Former chief economic advisers to three presidents told the Senate Finance Committee yesterday that significant deficit reduction will be difficult if not impossible without savings from Social Security and other middle-income benefit programs.

The testimony from the Ford administration's Alan Greenspan, the Carter administration's Charles L. Schultze and the Reagan administration's Martin S. Feldstein reinforced suggestions from incoming Senate Majority Leader Robert J. Dole (R-Kan.) and others that Social Security be considered as part of an across-the-board spending freeze for next year.

This would mean denial or cutback of annual cost-of-living increases for the huge, politically sensitive retirement program, which President Reagan vowed not to cut in his reelection campaign last year.

At a presession hearing aimed at building a case for major deficit reductions, the three former advisers also cautioned against falling short of Reagan's goal of halving the deficit to about $100 billion over the next three years, which the White House itself has yet to meet in specific proposals for spending cuts.

They warned of serious long-term dangers to the economy if the deficit reduction effort fails, including, according to Schultze, a drop in Americans' general standard of living. On the other hand, they said a substantial decline in interest rates is likely if major reductions are made, with Feldstein suggesting the likelihood of a drop of about 2 percentage points.

Feldstein and Schultze also indicated that tax increases and deeper defense spending cuts than the administration wants will have to be included in the deficit reduction plan if Reagan's goal is to be met.

But Greenspan cautioned that tax increases are less likely to produce a significant drop in interest rates than spending cuts, and a fourth witness, former assistant treasury secretary Paul Craig Roberts, dismissed tax increases as counterproductive in the effort to strengthen the economy through spending cuts that help reduce deficits.

Under questioning from Sen. John C. Danforth (R-Mo.) about whether Reagan's goal could be achieved without cuts in middle-income entitlement programs, Feldstein said it would be "difficult" to ignore Social Security unless Congress was prepared to raise taxes by a huge amount.

Schultze said that with 40 percent of the budget taken up by entitlement programs that pay benefits directly to recipients, Congress "can't have a credible program" for deficit reduction without cracking down on entitlements.

But Schultze also contended that previous entitlement cuts have slowed the growth of benefit programs to the point that they no longer can be cited as a primary cause of mounting deficits.

Greenspan was even more adamant about entitlement cuts, saying he could see no way of making a "really frontal assault on the deficit that can essentially eliminate from consideration the major entitlement programs," especially their built-in annual inflation adjustments.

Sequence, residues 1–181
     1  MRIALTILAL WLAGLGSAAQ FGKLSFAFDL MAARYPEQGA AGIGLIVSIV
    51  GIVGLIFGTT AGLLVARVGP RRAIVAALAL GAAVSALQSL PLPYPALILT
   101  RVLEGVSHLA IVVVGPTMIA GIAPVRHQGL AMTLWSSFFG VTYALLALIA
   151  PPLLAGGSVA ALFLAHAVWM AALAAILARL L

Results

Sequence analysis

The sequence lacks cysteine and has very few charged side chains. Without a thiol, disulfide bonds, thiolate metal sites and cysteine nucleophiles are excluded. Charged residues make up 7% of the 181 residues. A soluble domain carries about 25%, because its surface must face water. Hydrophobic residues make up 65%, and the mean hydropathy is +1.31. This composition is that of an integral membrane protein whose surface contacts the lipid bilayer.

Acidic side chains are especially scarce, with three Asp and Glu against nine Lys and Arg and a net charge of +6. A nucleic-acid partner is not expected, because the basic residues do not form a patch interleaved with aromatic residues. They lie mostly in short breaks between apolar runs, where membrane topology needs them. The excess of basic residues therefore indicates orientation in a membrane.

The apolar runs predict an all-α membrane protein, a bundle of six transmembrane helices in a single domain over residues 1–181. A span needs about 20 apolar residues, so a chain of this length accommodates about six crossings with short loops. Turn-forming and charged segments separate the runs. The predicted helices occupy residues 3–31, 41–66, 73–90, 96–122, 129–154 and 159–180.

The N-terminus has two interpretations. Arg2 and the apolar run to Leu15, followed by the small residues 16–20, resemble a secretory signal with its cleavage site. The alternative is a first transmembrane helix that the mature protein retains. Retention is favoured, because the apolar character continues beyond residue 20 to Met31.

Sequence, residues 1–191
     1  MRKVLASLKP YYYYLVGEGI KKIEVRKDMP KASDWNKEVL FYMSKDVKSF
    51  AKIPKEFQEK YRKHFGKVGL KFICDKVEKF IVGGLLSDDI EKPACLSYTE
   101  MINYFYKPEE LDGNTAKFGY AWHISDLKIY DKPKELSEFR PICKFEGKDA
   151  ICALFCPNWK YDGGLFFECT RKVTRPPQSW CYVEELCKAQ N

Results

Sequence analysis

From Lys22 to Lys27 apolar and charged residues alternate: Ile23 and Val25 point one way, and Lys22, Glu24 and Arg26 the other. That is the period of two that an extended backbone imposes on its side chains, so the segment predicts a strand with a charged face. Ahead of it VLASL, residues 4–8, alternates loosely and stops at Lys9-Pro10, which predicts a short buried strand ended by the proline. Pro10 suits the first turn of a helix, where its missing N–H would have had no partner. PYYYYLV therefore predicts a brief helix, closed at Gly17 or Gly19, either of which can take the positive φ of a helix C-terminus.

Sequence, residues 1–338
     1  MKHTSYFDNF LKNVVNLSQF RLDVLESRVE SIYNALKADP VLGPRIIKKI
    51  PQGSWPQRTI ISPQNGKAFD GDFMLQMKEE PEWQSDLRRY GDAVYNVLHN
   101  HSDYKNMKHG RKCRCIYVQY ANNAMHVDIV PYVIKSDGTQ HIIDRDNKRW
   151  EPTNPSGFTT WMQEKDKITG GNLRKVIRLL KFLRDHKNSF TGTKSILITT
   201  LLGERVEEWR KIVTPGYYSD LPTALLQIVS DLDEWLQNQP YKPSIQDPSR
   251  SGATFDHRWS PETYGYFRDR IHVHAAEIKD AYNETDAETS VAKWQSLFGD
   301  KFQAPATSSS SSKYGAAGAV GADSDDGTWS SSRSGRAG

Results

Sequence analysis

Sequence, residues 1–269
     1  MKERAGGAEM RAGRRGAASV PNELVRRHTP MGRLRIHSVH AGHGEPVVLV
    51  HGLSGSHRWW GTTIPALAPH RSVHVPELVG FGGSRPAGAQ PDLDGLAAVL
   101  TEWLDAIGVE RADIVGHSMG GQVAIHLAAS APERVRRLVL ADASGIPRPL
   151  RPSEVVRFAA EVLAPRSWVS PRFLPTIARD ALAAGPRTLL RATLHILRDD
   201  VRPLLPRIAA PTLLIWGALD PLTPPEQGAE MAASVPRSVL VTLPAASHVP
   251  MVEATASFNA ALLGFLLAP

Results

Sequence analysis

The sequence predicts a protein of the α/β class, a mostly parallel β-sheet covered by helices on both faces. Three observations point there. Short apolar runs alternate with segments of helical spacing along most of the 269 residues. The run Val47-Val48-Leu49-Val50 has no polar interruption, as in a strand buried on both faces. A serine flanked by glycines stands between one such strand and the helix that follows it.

After the hearing, which came on the eve of the formal convening of the 99th Congress today, incoming Finance Committee Chairman Bob Packwood (R-Ore.) declined comment until Senate Republicans reach a consensus on whether to support specific program cuts.

The issue is expected to come up at a presession caucus today and continue in a session Friday that will be attended by White House officials and senior Republicans on Senate committees.

Packwood said he thought Congress could make sufficient deficit reductions without touching Social Security but warned that it would require deeper compensating cuts in other programs.

Dole, the departing Finance Committee chairman, skirted the Social Security issue in comments to the committee yesterday, although he and Budget Committee Chairman Pete V. Domenici (R-N.M.) are working on an alternative budget plan that includes Social Security benefits in a spending freeze.

In a statement before the hearing, Dole appeared to rule out tax increases as part of a deficit-cutting package, at least for now.

"Considering tax changes at this time would be highly controversial -- particularly with the president -- and might impede progress on the deficit," he said.

But Dole appeared to leave the door slightly ajar in saying that "we can see where we are and consider other options" after having nailed down sufficient spending cuts to assure financial markets that Congress is serious about deficit reduction.

Meanwhile, House Minority Leader Robert H. Michel (R-Ill.) was considering trying to force a House vote today on an across-the-board budget freeze, including defense as well as domestic spending, in connection with adoption of rules for the new session.

Aides said Michel will decide today whether to go ahead with the plan, which would cut the anticipated deficit of about $200 billion for next year by roughly $30 billion, of which $20 billion would come from defense. Reagan has endorsed defense savings of less than half that amount.

Unlike the plan under study by Senate Republicans, Michel's proposal would not curtail cost-of-living increases for Social Security